Image: Memorial service for Joerg Haider in Klagenfurt
Barbara Gindl  /  EPA file
Controversial politician Joerg Haider was honored with a memorial service in Klagenfurt, Austria, on Sunday after he died in a car crash.
updated 10/15/2008 10:31:29 AM ET 2008-10-15T14:31:29

Austrian far-right politician Joerg Haider was drunk at the time of his fatal car crash, his spokesman said Wednesday.

Stefan Petzner said Haider's blood alcohol level was significantly above the legal limit when he crashed his car early Saturday in the southern province of Carinthia, where he was governor. Police said his high-powered Volkswagen Phaeton was speeding at twice the posted limit when it veered off the road, crashed and flipped.

Petzner said he felt obliged to confirm widespread speculation that the former Freedom Party leader was intoxicated.

"It's true that Governor Joerg Haider was drunk at the time of the accident," Petzner said. "I can, and must, confirm that."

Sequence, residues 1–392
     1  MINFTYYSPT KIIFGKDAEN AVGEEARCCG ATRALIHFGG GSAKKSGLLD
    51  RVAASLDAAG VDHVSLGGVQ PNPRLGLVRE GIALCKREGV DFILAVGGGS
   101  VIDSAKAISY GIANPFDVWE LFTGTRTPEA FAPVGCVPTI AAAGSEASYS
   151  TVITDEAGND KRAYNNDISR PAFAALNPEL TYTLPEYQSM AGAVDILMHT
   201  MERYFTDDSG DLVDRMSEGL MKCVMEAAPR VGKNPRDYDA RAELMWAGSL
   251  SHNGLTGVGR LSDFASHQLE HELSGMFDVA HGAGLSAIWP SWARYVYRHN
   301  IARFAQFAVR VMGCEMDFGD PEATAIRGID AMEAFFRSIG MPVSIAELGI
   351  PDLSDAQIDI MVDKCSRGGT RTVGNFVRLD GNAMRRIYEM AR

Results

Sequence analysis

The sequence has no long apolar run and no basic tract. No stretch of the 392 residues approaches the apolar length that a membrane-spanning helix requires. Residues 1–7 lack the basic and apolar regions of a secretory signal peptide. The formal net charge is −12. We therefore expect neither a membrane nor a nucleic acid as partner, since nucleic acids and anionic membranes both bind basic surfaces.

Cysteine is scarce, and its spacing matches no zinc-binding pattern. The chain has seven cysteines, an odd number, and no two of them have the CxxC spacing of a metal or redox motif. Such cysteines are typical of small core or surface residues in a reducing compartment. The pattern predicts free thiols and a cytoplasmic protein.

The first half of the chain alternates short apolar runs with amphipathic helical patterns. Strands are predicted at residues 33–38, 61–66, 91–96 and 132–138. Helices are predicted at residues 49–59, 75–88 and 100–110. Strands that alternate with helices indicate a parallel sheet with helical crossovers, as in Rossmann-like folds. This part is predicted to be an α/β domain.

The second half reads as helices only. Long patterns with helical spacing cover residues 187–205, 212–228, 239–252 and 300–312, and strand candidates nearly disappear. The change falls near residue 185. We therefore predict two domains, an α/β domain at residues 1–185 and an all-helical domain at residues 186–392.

In Austria, people caught behind the wheel with similar levels of blood alcohol usually face hefty fines and a suspension of their license for at least four months.

Haider had attended an event in the town of Velden late Friday before heading home for the weekend to celebrate his mother's 90th birthday.

Police reconstructing the accident said Sunday that the speedometer in the wreckage of Haider's car was stuck at 88 mph.

The speed limit at the crash site is just 43 mph, and it drops to 31 mph just 100 yards further down the road in the direction Haider was heading.

Image: The wreckage of Joerg Haider's car
Gert Eggenberger  /  AP file
Joerg Haider fatally crashed his Volkswagen Phaeton early Saturday in Austria's southern province of Carinthia, where he was governor.

Haider, 58, was a polarizing figure. In the 1990s, he was denounced as sympathetic to the Nazis or anti-Semitic and his party's inclusion in government in 2000 led to the international isolation of the Alpine republic for months.

Haider had since significantly toned down his rhetoric and in 2005 broke away from the Freedom Party to form the Alliance for the Future of Austria, meant to reflect a turn toward relative moderation.

Over the summer, he staged a comeback in national politics and helped the alliance significantly improve its standing in Sept. 28 national elections.

Haider's funeral is set for Saturday in the southern city of Klagenfurt.

Copyright 2008 The Associated Press. All rights reserved. This material may not be published, broadcast, rewritten or redistributed.

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